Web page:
This is always the date chosen for such a ceremony, since it v.s on that day In 1768 that Sir Joshua Reynolds was chosen as th academy's first president. The voters are the 40 full Royal Academicians. It is an old R.A. custom that every newly elected member present a piece of silver plate to the Academy for general use. Spoons, forks, salt cellars and mustard pots used at council dinners and luncheons are all inscribed with the names of the donors and the date of the gift.

A large silver inkstand presented by Sir Joshua Reynolds is always placed on the council table, together with some beautiful candlesticks and snuff boxes, also gifts from past mem bers. Sir Edwin Lutyens is 69 and the third architect to be elected president in the history of the Royal Academy. He is a good speaker, with great grace and courtliness of manner. Among his best known works are the Ceno taph in Whitehall, the Somme Me morial at Thiepval. the Australian War Memorial in France and the George memorial at Windsor.

He designed the Roman Catholic Cathedral at Liverpool and is adviser to the Indian government on the planning of the new Delhi. Sir Edwin's appointment must SATURDAY, JAN. 7, 1939 THE WINNIPEG TRIBUNE PAGE 10 London's Poultry Market To Be Moved From Leadenhall To Billingsgate Removal Of Famous Market Recalls History Extending Over Nearly Six Centuries LONDON A record of nearly six centuries will be broken before long, when London' wholesale poultry market move from the comparative seclusion of Leadenhall to the Thames side at Billings gat. The change is involved in the 600,000 Billingsgate extension scheme; although Leadenhall will not cease to be a market, it must lone its poultry. Poultry was aold Leadenhall In 1357.

The present market stand on the site of the old manor of Leadenhall, once the property of the Nevill family; during rebuilding, ls than 60 years ago, excavators discovered Roman remains. Sir Richard Whittington, who bought the market and manorial rights of Leadenhall, handed them in 1411 to the City Corporation, which has held them ever since. Thirty four years after the city took possession, the "famous and mighty man, Simon Eyre, citizen of London," had a granary erected "of his own charges," also a chapel where priest celebrated Divine service "to such market people as repaired to prayer." Leadenhall was used for the weighing (on the "common nd sale of wool and cloth, and later for the assay of leather. CurtouJy, while the city corporation discussed the market recently, Dekker's rarely revived comedy. "The Shoemaker's Holiday." was running in London.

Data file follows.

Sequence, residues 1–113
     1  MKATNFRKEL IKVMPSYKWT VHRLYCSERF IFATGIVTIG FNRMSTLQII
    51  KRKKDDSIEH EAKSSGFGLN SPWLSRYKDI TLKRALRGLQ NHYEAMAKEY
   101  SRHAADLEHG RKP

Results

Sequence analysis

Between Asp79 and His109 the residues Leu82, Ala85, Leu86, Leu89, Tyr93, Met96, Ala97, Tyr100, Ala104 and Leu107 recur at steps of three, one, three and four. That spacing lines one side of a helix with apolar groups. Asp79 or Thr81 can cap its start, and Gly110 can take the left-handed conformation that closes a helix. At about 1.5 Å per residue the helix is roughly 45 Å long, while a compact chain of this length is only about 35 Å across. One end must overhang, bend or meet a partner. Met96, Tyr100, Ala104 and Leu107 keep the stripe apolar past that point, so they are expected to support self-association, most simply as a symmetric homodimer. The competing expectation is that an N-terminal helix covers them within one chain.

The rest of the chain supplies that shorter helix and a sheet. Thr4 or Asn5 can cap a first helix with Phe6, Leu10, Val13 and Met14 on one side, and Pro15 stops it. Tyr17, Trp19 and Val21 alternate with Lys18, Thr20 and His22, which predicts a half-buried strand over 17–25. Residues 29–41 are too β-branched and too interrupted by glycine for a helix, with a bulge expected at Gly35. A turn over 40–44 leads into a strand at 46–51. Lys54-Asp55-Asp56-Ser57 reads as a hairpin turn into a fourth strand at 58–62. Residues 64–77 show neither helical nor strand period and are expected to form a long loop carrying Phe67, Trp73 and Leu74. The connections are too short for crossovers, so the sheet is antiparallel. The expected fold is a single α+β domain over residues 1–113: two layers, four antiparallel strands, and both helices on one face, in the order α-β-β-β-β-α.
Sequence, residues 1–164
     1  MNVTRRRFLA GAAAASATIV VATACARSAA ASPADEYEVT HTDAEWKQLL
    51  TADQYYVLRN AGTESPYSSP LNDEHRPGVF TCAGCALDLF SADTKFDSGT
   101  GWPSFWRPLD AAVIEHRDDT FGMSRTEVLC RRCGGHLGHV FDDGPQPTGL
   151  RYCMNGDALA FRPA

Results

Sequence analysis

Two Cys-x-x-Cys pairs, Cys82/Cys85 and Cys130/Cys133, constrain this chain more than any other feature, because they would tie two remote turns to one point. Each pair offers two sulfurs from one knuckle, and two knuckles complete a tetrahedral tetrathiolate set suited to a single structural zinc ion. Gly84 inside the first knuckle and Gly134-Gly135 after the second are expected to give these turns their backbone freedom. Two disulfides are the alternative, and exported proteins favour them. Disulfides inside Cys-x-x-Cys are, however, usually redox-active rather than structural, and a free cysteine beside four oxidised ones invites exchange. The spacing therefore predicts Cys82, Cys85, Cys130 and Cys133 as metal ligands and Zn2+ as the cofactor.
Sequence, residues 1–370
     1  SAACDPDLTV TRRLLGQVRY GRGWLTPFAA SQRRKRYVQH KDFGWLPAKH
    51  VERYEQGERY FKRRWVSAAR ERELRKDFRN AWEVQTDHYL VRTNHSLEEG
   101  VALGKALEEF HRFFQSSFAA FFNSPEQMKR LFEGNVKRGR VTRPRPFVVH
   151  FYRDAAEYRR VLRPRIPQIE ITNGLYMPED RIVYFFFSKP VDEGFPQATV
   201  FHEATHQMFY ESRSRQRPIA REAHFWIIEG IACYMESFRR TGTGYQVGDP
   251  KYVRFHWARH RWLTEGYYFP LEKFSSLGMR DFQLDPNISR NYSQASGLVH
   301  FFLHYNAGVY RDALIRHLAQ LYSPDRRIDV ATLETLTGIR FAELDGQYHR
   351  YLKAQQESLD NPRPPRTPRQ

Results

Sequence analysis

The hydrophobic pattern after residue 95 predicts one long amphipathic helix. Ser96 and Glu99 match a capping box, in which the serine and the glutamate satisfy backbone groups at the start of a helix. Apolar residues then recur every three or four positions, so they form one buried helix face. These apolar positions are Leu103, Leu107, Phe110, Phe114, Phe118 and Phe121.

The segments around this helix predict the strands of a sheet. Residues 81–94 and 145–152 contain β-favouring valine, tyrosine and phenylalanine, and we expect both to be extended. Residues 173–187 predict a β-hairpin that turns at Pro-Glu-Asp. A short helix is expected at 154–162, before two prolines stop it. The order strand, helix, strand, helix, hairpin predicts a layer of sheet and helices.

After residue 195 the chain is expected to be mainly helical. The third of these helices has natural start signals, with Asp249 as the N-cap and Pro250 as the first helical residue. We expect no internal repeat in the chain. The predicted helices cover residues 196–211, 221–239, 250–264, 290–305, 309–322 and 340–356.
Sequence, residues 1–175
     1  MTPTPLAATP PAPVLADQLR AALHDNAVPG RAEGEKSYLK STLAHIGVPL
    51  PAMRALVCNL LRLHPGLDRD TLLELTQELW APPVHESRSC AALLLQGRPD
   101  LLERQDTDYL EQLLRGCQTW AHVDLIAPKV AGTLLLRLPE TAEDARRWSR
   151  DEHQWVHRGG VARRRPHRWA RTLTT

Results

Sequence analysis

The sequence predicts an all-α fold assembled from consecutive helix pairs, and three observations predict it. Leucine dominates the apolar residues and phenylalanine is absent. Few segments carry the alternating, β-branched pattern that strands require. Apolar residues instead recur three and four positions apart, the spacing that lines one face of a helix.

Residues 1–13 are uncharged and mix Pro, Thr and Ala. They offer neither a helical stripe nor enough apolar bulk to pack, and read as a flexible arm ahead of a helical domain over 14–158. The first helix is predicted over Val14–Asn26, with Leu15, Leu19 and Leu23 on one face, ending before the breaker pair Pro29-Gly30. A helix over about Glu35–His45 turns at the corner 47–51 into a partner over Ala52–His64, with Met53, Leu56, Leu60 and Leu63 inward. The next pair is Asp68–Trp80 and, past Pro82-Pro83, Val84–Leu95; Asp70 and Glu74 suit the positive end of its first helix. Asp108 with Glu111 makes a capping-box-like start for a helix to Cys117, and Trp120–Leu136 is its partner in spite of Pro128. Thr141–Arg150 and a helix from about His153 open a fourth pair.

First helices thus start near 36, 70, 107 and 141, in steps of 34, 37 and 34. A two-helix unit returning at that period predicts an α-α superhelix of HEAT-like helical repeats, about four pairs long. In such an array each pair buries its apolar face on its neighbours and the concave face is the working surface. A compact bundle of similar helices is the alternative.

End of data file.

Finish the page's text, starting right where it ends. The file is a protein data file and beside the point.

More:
The principal eharacter is Eyre himself, and the play ends with his petition that "for the honor of poor Simon Eyre and the good of hia brethren, these mad knaves, your grace would vouchsafe soma privilege to my new Leadenhall, that it may be lawful fir us to buy and sell leather there two day a week." The King answers: Mad Sim, I grant your suit, you shall have patent To hold two market daya in Leadenhall, Mondays and Fridays, those shall be the times. Will this content you? In the year 1512, when London suffered from a scarcity of wheat Roger Achley, then Lord Mayor, secured great supply and stored it In the garner at Leadenhall. Achley was an early riser, keeping the markets so well that he would be at Leadenhall at four on a summer's morning. About 1534. Stow records, there was a proposal to turn Leadenhall into a merchants' bourse: Many common councils were called to that end; but in the year 1535.

John Champneje being Mayor, it was fuily conciuaea inai uic burse should remain in Lombard street as afore, and Leadenhall no more to be spoken of concerning that matter. For a while in the middle of Elizabeth's reign a mathematical lecture was given periodically in the chapel. Soon, however, when the authorities needed the chapel and other parts of Leadenhall for the "stowage of goods taken out of a great Spanish caracke." this lecture "ceased any more to be held." Butchers came to Leadenhall during the 16th century; then, in 1622. it was made the only market for cutlery in the city. Later it became, above all.